Writing Poetry or Breeding Kittens

by Vix   Mar 30, 2008


Each device or component in each single poem needs to develop continuously to better ensure the survival of your poem, just like the fur, teeth, and organs of an animal evolve over long periods of time to ensure the survival of an animal.
Imagine you are caring for a shelter of cats. Each individual cat is an individual poem. Each cat has its own personality traits, colour, build, breed.


Try to understand the nature of the cats because it is your responsibility to breed them, nature them and ensure their safety. Some may need little care and will develop naturally in to strong, healthy poems...others require more attention. Don't assume because one is strong that the entire litter will be the same.

Educate yourself! You cannot successfully care for an animal if you do not know what it requires or are unfamiliar with the species. Know how to care for your poems. There is no excuse for ignorance. Every time you show one of your cats to someone they will judge your ability and nature by your cat's appearance, health and intelligence. When someone reads your poem they will recognise its weaknesses much quicker than you, they are not blinded by their feelings. Remember this.


The bone structure of each cat is the structure and frame of a poem. The skeleton has multiple functions; without the skeleton the animal could not exist, it serves as a frame, structure and foundation for EVERYTHING.

An American bobtail cat has a different size and shape skeleton to a Siamese. While both breed's skeleton essentially serve the same purpose, and help identify both creatures as cats, the skeleton separates the breeds in terms of size and purpose. Each breed's skeletons have evolved to suit their lifestyle and surroundings, as each structure of a poem help identify form andmeaning. For example, a sonnet form is recognisable because of its structure and size and is used to suit the nature of the poem.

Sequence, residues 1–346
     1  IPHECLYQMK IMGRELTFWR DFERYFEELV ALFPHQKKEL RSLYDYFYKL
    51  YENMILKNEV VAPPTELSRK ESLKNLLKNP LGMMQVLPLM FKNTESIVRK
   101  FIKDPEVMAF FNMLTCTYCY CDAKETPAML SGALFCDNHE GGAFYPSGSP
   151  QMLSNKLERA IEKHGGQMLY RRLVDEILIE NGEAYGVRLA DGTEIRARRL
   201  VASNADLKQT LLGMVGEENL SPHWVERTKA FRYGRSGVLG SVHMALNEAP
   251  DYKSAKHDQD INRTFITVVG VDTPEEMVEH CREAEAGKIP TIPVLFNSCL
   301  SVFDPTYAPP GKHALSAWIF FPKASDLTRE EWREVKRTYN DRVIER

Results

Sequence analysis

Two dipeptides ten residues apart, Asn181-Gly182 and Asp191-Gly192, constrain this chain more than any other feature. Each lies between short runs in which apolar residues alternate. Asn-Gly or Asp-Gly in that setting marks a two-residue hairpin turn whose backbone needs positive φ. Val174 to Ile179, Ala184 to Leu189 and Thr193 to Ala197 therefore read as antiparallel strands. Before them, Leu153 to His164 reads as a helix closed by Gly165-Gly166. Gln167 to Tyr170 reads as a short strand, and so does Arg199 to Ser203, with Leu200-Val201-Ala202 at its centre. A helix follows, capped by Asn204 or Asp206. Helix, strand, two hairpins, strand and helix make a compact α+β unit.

A lot of people ask whether rhyme is necessary, or enquire about its use. ..
Rhyme is a poetic device just like structure. Think of rhyme as a cat's claws. Rhyme may develop naturally and all the claws may look identical: the rhyme may be constant and unchanging. On the flip side, rhyme may hinder the poem, as a cat's claws can grow unnaturally, causing the animal discomfort and pain. Sometime it is necessary to clip the claws, to eradicate rhyme or to clip a single problematic claw, remove a single rhyming word or couplet.

*Do whatever is necessary to ensure the overall well being of the poem and ensure its health and survival:

Refusing to remove rhyme because you simply like it is like refusing to clip the claws for one of your cats because you think they look cute, when really they are growing abnormally and are causing your beloved pet pain and harm. If left unclipped the claw could become infected and such a small, but important, attribute could jeopardise the entire life of your cats...

Do you want your poem to die?


If the skeleton is the structure and rhymes are claws, each hair is a word. All of the hairs make up the fur. If your words belong to all different semantic fields, are unintentionally misspelled or out of place... your poor cat is going to look like it has been electrocuted and its fur is going to grow over its eyes, get knotted and cause it serious problems. At worst your cat won't even be identifiable as a cat! Groom your poems. Brush and trim the vocabulary.

Think consciously about the sentence structure, word choices and punctuation and...

*know the rules.

No none successfully breaks the rules for effect without being a master at following them first. Breaking the rules without fully understanding them is like giving your cat a haircut while drunk. You may think that kitty looks adorable, but once you are sober (once you learn the rules) you will look back and feel embarrassed, stupid and the people who see the cat will no doubt question your ability.

I could go on forever, but I won't. Those were the basics. I hope this has helped some of you and answered a few questions. Cheers for reading and keep writing!


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